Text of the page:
Association for Behavior Analysis International

The Association for Behavior Analysis International® (ABAI) is a nonprofit membership organization with the mission to contribute to the well-being of society by developing, enhancing, and supporting the growth and vitality of the science of behavior analysis through research, education, and practice.


38th Annual Convention; Seattle, WA; 2012

Event Details

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Symposium #468
CE Offered: BACB
Procedures for Evaluating and Facilitating Generalization During Verbal Behavior Training
Tuesday, May 29, 2012
10:30 AM–11:50 AM
LL03 (TCC)
Area: VRB/AUT; Domain: Applied Research
Chair: Caitlin H. Delfs (Marcus Autism Center)
Discussant: Einar T. Ingvarsson (University of North Texas)
CE Instructor: Caitlin H. Delfs, Ph.D.
Abstract: In Stokes and Baer’s seminal 1977 article An Implicit Technology of Generalization, the authors highlight the importance of programming for generalization. In teaching verbal behavior, the identification and implementation of strategies to promote generalization both within and across verbal operants may result in more efficient teaching. Therefore, the investigation of procedures that promote generalized behavior change and result in more efficient teaching methods is needed. This symposium presents data from three studies which investigated such procedures. Valentino, Conine, Holcombe, & Rogers evaluated the degree to which a backwards chaining procedure to teach children with autism to recall short stories resulted in generalized improvements in story recall and reading comprehension. Delfs, Conine, Shillingsburg, & Adams utilized a parallel treatments design to evaluate the occurrence of generalization between receptive and tact modalities. Finally, Delfs & Conine examined whether targets could be acquired during small group instruction through explicit teaching, incidental information, observational learning, and observation of incidental information. Results are presented in terms of implications for clinicians and educators who are involved in teaching verbal behavior to students with language delays.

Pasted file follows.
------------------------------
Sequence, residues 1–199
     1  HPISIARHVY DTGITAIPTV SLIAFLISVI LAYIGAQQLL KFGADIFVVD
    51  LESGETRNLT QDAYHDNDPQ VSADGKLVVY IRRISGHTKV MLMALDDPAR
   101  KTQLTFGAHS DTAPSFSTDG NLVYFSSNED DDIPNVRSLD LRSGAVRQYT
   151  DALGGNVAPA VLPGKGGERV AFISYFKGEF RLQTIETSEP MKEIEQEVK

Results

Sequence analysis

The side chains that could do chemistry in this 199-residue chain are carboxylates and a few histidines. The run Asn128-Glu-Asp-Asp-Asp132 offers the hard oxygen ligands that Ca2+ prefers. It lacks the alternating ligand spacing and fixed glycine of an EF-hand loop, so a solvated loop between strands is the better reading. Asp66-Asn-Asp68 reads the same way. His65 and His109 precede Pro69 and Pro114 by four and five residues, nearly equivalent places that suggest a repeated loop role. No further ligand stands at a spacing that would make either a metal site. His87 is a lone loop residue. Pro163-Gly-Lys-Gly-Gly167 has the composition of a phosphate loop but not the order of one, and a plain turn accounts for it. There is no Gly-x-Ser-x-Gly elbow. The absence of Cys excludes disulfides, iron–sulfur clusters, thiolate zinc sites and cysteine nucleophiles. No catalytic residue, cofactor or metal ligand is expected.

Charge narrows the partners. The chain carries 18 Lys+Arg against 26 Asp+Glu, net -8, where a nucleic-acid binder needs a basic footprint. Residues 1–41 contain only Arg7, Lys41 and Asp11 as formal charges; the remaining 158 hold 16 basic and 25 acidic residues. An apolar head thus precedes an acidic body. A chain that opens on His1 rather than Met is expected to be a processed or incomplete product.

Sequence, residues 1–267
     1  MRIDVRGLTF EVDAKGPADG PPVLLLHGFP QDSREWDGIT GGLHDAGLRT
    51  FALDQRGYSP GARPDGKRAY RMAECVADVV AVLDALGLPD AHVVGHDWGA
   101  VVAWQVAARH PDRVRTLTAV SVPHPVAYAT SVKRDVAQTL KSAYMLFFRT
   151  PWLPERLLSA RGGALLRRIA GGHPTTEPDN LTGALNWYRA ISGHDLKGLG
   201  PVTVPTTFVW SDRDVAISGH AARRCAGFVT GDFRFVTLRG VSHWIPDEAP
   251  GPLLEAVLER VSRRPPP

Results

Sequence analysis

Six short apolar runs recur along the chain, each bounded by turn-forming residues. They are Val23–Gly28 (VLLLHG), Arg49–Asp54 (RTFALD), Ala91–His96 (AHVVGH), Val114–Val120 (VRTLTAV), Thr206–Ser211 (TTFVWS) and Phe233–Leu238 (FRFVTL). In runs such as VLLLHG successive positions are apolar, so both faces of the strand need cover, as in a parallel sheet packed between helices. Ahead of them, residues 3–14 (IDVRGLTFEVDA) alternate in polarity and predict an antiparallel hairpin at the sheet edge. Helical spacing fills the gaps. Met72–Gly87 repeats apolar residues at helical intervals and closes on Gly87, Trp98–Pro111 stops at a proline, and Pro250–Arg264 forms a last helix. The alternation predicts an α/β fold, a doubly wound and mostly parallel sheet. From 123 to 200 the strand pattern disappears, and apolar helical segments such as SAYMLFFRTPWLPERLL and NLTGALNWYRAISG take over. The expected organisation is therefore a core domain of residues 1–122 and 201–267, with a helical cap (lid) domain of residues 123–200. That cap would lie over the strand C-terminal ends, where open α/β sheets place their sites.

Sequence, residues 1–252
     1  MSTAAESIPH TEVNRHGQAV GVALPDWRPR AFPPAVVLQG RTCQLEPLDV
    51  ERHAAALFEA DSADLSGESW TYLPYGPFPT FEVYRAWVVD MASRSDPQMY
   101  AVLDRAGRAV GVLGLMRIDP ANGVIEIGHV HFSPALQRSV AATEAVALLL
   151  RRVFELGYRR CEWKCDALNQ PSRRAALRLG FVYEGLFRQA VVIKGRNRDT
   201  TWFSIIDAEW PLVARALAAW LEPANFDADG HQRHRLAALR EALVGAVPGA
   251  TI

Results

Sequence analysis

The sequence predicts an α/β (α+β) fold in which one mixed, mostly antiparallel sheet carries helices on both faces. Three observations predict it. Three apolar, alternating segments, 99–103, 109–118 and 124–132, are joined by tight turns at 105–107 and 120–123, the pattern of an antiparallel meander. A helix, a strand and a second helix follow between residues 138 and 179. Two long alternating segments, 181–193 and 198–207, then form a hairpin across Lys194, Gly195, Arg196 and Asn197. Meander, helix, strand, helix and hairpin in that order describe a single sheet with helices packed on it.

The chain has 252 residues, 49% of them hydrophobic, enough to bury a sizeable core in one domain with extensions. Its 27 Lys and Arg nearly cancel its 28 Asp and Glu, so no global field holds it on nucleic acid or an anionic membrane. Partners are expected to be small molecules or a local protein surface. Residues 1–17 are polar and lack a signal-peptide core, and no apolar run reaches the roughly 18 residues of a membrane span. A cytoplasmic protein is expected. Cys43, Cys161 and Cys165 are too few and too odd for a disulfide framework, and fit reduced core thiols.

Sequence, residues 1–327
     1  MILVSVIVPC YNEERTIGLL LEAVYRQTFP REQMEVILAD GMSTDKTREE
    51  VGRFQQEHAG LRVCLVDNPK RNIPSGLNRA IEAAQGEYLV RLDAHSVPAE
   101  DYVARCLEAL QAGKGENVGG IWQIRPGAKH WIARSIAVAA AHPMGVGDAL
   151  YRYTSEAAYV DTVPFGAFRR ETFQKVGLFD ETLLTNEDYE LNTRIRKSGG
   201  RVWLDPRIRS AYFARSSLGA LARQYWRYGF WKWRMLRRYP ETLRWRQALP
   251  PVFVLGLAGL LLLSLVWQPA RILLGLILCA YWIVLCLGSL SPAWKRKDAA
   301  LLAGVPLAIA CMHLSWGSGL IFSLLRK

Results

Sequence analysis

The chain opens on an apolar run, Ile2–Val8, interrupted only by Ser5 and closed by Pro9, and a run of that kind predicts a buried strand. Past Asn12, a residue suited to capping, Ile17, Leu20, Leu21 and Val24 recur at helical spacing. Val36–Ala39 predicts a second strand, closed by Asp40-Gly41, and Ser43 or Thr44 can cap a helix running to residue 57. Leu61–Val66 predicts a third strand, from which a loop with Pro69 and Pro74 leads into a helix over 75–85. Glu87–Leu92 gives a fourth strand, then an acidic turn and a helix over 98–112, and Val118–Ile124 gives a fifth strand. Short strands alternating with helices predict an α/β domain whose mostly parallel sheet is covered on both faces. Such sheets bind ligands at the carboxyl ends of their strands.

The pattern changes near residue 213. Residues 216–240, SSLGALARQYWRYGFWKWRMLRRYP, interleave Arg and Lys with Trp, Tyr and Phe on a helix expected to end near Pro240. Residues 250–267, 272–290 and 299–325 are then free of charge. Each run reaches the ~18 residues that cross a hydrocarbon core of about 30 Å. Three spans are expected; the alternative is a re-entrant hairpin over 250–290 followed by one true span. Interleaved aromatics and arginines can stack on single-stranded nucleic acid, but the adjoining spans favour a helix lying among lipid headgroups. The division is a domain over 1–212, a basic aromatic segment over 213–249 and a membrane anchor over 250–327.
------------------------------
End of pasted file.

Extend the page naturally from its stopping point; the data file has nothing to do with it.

Keyword(s): Efficiency, Generalization, Verbal Operants

Teaching Intraverbal Storytelling Behavior Using Textual Prompts and Backward Chaining

DANIEL CONINE (Marcus Autism Center), Amber L. Valentino (Marcus Autism Center), Jade Holcombe (Marcus Autism Center), Amanda Rogers (Marcus Autism Center)

Recalling a story is an advanced intraverbal skill that many typically developing children may be called upon to do (e.g., tell me the story about the three little pigs or paraphrase the book you read last week). Children with autism may struggle with the acquisition of intraverbal behavior of this complexity and thus may require specific teaching techniques. Studies have shown textual prompts (Finkel & Williams, 2001) and tact prompts (Goldsmith, LeBlanc, & Sautter, 2007) to be effective in teaching intraverbal behavior to individuals with autism. However, complex intraverbal skills such as recalling stories may prove difficult to teach using basic tact and textual prompts. The current study aimed to determine the effectiveness of text prompts and backward chaining on intraverbal story telling behavior, and to assess generalization of behavior change to the recall of novel stories. Participants included two children, ages seven and four, both diagnosed with autism. Results demonstrated an increase in storytelling behavior under treatment conditions and a generalized increase in recall of stories read but not specifically targeted in treatment. Responses to basic reading comprehension questions were assessed with one participant, and results indicated an increase in correct responses following implementation of treatment.\